Raymond Carhart

From Wikipedia, the free encyclopedia
Jump to navigation Jump to search

Raymond T Carhart was a Speech/Language Pathologist. As a founder and pioneer of the science, he is frequently referred to as the "Father of Audiology." Carhart was born on March 28, 1912, in Mexico City. He studied at Dakota Wesleyan University (BA in Speech and Psychology, 1932), and at Northwestern University (MA, 1934, and PhD, 1936, in Speech Pathology, Experimental Phonetics and Psychology). He remained at Northwestern until 1944, first as Instructor in Speech Re-education and later as Assistant (1940) and Associate (1943) Professor. He joined the US Army Medical Administrative Corps in 1944, working in Butler, Pennsylvania until 1946. He returned to Northwestern in 1947, where he remained until his death in 1975.[1]

"Carhart notch effect" is a decrease in the bone-conduction hearing at the 2000 Hz region of patients with otosclerosis first reported by and therefore named after Raymond Carhart.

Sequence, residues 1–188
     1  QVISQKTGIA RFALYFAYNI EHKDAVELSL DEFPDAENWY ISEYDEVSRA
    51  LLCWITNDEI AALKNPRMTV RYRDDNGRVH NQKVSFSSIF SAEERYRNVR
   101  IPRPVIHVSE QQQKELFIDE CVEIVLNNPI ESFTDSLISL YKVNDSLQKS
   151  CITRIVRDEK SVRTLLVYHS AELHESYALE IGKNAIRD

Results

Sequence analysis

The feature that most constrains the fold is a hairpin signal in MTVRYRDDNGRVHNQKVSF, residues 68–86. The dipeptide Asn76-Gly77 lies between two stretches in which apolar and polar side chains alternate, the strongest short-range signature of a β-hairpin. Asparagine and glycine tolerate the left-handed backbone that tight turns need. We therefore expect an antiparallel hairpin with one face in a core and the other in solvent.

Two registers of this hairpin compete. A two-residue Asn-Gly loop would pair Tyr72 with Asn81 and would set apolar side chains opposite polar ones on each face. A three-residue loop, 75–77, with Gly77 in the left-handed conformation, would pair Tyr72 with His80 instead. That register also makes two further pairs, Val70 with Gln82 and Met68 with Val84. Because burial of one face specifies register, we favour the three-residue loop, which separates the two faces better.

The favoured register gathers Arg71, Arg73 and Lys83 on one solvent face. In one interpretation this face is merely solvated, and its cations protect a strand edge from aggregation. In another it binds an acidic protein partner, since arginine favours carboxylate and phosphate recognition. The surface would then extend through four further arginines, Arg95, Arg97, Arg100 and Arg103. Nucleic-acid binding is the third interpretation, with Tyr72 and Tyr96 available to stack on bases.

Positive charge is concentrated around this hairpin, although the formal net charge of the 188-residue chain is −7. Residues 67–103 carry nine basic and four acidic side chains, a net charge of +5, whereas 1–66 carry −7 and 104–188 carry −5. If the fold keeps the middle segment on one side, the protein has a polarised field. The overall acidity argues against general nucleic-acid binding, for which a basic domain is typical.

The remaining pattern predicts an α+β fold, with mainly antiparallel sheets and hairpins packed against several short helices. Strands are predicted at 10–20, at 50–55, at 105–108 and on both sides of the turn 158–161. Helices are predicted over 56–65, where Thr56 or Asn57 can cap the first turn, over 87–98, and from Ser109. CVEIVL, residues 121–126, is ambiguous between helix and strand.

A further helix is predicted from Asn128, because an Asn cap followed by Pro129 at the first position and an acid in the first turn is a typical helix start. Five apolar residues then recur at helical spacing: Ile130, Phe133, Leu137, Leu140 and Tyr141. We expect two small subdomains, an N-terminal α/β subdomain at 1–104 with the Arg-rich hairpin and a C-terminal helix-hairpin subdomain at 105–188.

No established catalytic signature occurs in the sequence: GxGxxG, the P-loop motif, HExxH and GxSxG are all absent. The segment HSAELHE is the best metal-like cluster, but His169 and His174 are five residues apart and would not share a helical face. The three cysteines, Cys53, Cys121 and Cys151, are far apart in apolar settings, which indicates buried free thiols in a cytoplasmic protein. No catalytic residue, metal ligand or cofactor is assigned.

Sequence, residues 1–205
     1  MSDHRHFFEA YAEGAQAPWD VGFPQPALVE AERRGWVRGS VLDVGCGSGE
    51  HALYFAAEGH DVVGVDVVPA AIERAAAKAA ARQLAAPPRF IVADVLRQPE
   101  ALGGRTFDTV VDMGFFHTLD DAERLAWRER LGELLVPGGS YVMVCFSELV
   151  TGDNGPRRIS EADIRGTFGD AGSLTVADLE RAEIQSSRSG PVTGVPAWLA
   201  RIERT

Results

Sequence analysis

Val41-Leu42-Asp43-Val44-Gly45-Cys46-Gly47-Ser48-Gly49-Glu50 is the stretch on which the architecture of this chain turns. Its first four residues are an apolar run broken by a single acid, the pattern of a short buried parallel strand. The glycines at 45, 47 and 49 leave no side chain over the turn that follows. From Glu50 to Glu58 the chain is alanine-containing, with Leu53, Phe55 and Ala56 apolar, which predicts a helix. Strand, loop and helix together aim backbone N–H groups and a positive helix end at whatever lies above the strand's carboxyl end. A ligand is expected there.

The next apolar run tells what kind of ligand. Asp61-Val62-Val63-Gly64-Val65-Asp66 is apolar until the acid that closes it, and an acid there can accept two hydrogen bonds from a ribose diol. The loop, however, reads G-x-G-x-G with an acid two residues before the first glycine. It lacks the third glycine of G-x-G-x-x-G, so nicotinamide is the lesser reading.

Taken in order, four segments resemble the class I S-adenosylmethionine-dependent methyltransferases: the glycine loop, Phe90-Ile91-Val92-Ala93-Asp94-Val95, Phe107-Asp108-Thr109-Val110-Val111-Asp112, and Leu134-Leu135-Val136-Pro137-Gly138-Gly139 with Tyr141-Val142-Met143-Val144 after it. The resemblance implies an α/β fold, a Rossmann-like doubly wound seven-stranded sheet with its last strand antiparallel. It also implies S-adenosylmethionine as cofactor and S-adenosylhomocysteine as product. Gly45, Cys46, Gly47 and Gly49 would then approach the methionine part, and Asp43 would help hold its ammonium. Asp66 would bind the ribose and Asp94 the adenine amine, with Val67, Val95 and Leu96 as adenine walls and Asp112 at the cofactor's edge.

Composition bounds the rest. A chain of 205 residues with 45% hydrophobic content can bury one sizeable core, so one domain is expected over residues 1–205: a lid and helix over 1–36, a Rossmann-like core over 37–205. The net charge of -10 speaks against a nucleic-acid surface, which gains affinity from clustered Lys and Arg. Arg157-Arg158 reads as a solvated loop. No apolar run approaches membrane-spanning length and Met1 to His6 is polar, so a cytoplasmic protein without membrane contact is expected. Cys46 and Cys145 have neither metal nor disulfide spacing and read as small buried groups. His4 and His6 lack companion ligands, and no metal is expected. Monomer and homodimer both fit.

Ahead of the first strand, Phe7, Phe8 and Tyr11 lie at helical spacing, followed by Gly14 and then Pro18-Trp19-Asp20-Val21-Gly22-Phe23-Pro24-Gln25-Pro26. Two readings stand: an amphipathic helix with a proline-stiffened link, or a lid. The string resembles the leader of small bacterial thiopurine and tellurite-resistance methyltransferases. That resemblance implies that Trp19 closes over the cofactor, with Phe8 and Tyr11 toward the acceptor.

1. ^ Raymond Carhart (1912-1975) Papers, 1938-1975. Northwestern University Archives, Evanston, Illinois. http://files.library.northwestern.edu/findingaids/raymond_carhart.pdf Accessed 2006-07-31.
  • Hall, James W.; H. Gustav Mueller (1998). Audiologists Desk Reference: Audiologic Management, Rehabilitation and Terminology. Thomson Delmar Learning. ISBN 1-56593-711-2., p. 912
  • Hall, James W. (1999). Handbook of Otoacoustic Emissions. Thomson Delmar Learning. ISBN 1-56593-873-9., p. 2: the Father of Audiology himself, Raymond Carhart at Northwestern University..."